Event review: Clive Gregson at the Croydon Folk Club, Monday 25th May


By - Tuesday 9th June, 2015

Anne Giles enjoys an evening mixing new tunes with nostalgia at Ruskin House


Photo author’s own.

I have known Clive for many years. Originally from Manchester, he is an accomplished singer-songwriter, musician and record producer who started his professional music career in 1980 as the leader of cult band Any Trouble. Between 1985 and 1992 he formed a partnership with Christine Collister, who came to public attention in 1986 as the singer of the theme song for the BBC’s television adaptation of Fay Weldon’s book The Life and Loves of a She-Devil.

Clive has also played and recorded with Richard Thompson OBE, who is one of the world’s most critically acclaimed and prolific songwriters, with Nanci Griffith, a Grammy-winning singer-songwriter and Americana Music Association Lifetime Achievement Award winner, and others. His songs have been recorded by many artists, including Fairport Convention,regarded as the most important group in the English folk rock movement. Clive now lives in the USA and performs solo.

Songs about commuting… we’ve all been there!

As well as the national acclaim he has received, Clive is also very popular at the Croydon Folk Club and was greeded by a fairly large and very enthusiastic audience, many of whom knew his songs. He certainly has a good following here.

During the first set, he sang mainly new songs he had written – I particularly liked ‘Brand New Me’ and a song about commuting on a train (a journey on Southern Rail from East Croydon to central London comes to mind here – we’ve all been there!). Another was ‘Tie Me Down’, a wry observation on modern life, and another, ‘Me and You’ – a rather sad song. Then came ‘The Place’, an existential reflection, and others.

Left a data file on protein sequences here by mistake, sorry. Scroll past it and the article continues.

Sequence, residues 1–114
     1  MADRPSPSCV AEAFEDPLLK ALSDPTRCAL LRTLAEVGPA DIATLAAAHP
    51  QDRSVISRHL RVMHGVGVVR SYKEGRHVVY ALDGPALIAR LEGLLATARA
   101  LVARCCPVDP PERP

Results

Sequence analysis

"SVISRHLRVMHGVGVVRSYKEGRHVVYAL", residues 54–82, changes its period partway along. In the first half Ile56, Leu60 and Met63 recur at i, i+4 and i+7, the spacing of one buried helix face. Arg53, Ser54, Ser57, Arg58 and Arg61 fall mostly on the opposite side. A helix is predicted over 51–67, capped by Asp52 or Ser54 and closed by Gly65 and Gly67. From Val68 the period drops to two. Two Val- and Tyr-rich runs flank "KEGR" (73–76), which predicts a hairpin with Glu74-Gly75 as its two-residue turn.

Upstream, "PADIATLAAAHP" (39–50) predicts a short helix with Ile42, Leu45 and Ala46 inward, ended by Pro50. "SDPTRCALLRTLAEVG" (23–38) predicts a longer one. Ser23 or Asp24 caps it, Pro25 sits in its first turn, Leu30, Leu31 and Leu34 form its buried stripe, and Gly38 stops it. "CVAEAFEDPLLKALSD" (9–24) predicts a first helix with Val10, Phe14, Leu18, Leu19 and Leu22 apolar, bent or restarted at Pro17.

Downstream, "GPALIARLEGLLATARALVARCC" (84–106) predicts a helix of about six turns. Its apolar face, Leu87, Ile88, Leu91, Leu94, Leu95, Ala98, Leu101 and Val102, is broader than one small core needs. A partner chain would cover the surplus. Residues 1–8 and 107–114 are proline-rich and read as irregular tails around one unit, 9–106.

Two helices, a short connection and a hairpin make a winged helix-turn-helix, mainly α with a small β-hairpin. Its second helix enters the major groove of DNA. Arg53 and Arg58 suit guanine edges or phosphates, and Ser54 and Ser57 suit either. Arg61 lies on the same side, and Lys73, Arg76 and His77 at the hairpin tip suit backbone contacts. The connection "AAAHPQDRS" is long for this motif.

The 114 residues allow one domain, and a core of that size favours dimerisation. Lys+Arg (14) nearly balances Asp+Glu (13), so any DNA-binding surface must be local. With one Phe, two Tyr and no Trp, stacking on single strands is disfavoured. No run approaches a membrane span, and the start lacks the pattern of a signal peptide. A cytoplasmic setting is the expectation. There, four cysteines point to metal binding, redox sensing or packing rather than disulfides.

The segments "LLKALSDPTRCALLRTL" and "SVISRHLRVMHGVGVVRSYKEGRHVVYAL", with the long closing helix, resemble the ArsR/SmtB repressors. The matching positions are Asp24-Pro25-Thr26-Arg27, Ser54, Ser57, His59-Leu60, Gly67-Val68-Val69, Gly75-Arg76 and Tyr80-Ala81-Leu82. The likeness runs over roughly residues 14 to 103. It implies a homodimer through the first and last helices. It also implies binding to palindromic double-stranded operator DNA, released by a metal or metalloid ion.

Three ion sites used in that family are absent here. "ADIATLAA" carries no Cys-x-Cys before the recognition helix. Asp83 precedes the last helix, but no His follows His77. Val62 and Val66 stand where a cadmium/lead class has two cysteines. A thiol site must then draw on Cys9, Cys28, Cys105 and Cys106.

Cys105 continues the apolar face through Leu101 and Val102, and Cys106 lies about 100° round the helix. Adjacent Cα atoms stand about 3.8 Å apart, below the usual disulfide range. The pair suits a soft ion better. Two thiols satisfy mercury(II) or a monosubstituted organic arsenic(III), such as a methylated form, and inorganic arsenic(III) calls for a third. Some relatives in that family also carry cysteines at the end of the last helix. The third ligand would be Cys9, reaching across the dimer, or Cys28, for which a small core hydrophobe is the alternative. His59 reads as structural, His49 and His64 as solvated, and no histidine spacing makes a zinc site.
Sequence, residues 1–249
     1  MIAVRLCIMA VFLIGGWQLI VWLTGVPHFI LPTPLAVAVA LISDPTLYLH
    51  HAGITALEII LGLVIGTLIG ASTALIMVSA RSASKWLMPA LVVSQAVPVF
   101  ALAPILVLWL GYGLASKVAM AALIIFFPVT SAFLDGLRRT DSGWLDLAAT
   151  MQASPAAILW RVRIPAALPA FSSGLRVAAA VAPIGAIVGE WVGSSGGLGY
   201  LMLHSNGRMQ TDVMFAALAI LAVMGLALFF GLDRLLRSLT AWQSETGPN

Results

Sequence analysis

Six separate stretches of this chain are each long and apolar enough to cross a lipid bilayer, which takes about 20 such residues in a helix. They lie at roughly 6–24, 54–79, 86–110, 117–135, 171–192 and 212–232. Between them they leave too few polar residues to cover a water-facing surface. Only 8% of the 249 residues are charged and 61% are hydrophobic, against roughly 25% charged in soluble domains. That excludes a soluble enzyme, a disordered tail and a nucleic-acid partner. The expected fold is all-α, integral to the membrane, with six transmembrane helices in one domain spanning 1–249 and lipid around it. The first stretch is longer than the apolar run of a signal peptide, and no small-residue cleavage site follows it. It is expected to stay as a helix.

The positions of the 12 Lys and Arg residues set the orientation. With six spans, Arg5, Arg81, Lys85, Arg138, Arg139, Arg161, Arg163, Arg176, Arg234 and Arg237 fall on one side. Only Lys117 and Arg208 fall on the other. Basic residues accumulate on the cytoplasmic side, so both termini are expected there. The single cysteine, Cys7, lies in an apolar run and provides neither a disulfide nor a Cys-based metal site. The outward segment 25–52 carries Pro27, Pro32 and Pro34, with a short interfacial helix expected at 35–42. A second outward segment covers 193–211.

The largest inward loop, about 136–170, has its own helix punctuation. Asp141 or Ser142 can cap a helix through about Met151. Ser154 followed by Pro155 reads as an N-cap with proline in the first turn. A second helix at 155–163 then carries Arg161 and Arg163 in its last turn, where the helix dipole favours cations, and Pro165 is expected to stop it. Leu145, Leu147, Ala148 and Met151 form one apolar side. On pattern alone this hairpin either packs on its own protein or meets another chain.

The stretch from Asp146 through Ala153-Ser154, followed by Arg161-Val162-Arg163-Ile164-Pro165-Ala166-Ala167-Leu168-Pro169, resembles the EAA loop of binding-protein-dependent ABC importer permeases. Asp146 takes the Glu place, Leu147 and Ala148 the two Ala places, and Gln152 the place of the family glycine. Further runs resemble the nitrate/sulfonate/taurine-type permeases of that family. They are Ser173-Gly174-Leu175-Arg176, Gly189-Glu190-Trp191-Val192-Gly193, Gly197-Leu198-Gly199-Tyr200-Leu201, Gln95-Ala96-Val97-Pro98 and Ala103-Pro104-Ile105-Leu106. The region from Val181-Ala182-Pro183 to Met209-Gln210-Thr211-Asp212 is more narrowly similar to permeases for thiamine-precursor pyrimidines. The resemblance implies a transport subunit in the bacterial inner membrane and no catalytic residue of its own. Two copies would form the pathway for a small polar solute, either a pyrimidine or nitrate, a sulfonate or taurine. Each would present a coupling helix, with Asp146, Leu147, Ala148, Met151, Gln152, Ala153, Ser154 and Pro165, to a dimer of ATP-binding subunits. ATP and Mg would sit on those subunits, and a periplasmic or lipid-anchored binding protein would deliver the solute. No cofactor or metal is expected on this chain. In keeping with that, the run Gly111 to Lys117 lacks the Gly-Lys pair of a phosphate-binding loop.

All in all, a truly entertaining evening, with Clive looking back over his career and singing so many of his hits which we could sing along to. After the break came some of the most memorable: ‘I love this town’ – Nanci Griffith has recorded this one and it became a radio hit in both America and the UK. Then ‘It’s All Just Talk’, which has been recorded by X-Factor winner Matt Cardle. He wrote ‘Northern Soul’ about when he lived up north – a sort of protest song about the closure of the Wigan casino, where they played a genre of music of that name.

One of my personal favourites of the evening was ‘Fred Astaire’ – a song about a man obsessed by Fred. This has also been sung by folk singer Norma Waterson. Then came ‘Not Over Yet’ – a song about a relationship. This one has been sung by American country music singer-songwriter Mary Chapin Carpenter. ‘Fingerless Gloves’ is a song about a busker. I loved ‘When My Ship Comes In’ – particularly its line, ‘I’m going to walk away from it all/When my ship comes in’. How true. I did just that when I arrived in the UK on a passenger liner in 1966.

We couldn’t walk away without purchasing his latest CD!

Anne Giles

Anne Giles

I grew up in Buenos Aires, Argentina, the daughter of an Anglo-Argentine mother and English father. I went to an English school and worked for a British company out there before coming to live in the U.K. I spent many years teaching Spanish in adult education in various centres in Croydon Borough and have got to know so many different areas – North and South. We have been living in Selsdon since 1989 and I love it. I feel passionately about Croydon and have spent many years writing blogs – firstly for the Croydon Advertiser, then the Croydon Guardian, and eventually my own blog entitled “The Good Life in Croydon”. I am very much involved in the community, attending regular meetings with the Croydon Community Police Consultative Group and am also a member of the British Transport Police PACT (Police & Community Together) Team.

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  • Anne Giles

    Great, though fifth paragraph “After the break came of the most memorable” should read “After the break came some of the most memorable”.

  • Anne Giles

    I shall send this on to Clive.